STAFF at Cupar’s Elmwood College held a ‘Day of Action’ on Tuesday in protest at funding cuts to colleges, which they claim will impact on opportunities for future generations.
The Scottish Funding Council has cut the money it gives to colleges across Scotland by more than 10 per cent.
As a result Elmwood College has had to introduce a £1 million cost saving programme, which could see jobs lost and courses cut.
The day of action, organised by the EIS teaching union and held on Elmwod’s lawn, aimed to raise public awareness of the threat to Further and Higher Education.
EIS spokesperson Gary Anderson said: “Colleges across Scotland are facing huge challenges in the face of a 10.4 per cent cut in funding from the Scottish Funding Council.
“This comes at a time of record demand for places as unemployment rises, in particular in the 16-24 age group.
He said unions at the college acknowledge that the cuts are being forced on them, because of funding cuts across the sector and, just as with all other businesses, colleges must be financially stable to remain viable.
Mr Anderson went on: “As the FE sector contracts to meet funding challenges, it reduces opportunities for learners at a time when education can help contribute to the Scottish economy and climb out of recession.
“There will be significant job cuts across the sector, which will undoubtedly impact on opportunities for future generations.
“Formal consultations have already begun at Elmwood.
“While recent voluntary redundancy has resulted in eight posts going, job losses already incurred from the college ceasing provision of access, art, design and multimedia will be increased as the college looks to make savings by cutting up to another 20 full-time posts.”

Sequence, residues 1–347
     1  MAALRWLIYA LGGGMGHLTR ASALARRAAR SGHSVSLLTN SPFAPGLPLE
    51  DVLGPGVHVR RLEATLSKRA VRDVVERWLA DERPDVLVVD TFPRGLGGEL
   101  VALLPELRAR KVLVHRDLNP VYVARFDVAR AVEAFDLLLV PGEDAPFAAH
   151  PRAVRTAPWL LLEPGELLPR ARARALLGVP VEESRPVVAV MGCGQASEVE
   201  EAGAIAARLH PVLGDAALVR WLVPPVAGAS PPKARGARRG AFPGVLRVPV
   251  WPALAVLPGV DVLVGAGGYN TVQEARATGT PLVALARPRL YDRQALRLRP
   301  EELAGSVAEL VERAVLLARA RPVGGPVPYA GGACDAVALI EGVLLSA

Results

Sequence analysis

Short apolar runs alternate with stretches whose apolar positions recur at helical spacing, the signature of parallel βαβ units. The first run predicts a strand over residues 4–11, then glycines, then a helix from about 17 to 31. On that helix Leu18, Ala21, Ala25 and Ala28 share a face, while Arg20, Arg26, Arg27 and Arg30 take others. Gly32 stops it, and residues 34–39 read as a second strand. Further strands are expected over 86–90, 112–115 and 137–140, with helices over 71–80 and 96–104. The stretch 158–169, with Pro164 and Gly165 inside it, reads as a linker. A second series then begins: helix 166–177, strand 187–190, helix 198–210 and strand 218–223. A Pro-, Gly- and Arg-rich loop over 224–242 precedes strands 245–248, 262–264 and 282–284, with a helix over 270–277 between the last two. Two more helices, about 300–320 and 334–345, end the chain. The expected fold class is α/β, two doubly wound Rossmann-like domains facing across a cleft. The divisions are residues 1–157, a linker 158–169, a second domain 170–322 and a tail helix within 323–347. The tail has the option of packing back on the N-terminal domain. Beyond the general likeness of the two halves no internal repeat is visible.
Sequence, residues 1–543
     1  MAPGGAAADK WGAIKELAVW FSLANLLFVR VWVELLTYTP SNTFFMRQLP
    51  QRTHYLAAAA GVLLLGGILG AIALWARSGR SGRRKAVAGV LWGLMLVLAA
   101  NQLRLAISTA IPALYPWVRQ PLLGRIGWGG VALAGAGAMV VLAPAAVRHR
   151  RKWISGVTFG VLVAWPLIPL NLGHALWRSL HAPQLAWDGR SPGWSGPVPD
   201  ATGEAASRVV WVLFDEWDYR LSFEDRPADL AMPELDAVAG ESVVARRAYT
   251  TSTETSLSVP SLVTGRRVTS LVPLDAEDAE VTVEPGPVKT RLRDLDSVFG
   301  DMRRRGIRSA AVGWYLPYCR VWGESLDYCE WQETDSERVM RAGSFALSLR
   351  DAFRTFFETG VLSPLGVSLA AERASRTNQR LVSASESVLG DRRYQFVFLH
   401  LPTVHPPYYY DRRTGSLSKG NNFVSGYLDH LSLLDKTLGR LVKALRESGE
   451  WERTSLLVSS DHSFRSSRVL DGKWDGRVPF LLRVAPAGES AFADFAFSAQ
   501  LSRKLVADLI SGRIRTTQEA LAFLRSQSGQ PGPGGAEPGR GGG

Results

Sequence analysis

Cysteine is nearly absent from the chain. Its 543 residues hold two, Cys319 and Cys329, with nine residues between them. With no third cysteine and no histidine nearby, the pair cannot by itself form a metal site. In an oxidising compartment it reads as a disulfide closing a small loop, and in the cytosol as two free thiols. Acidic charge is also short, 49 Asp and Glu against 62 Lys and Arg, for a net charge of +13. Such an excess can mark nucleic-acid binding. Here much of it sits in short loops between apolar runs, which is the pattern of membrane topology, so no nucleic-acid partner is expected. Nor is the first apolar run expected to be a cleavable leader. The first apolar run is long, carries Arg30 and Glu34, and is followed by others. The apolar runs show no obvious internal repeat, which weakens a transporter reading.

“Elmwood’s cost saving programme will impact not only on the educational opportunities for learners in north east Fife, but will also puts a number of jobs under threat.
“The college recently announced the closure of a number of departments, including art and design and multimedia.”
Backing the action, principal Jim Crooks said: “I am deeply saddened that the cuts in the public sector will impact significantly on further education and Elmwood in particular.
“The service that is provided by colleges is essential for recovery from recession as well as the future growth of the economy — and especially in north east Fife.
“When there is such a large demand for skills and training and such a significant growth in youth unemployment, we believe that additional investment in further education would be the right investment to make at this time.”
He added: “The board is committed to ensuring the financial sustainability of Elmwood College and work hard to mitigate the effects of funding cuts and they remain committed to maximising the effectiveness of funds available to them to provide learning and skills for the economy, for jobs and for life.”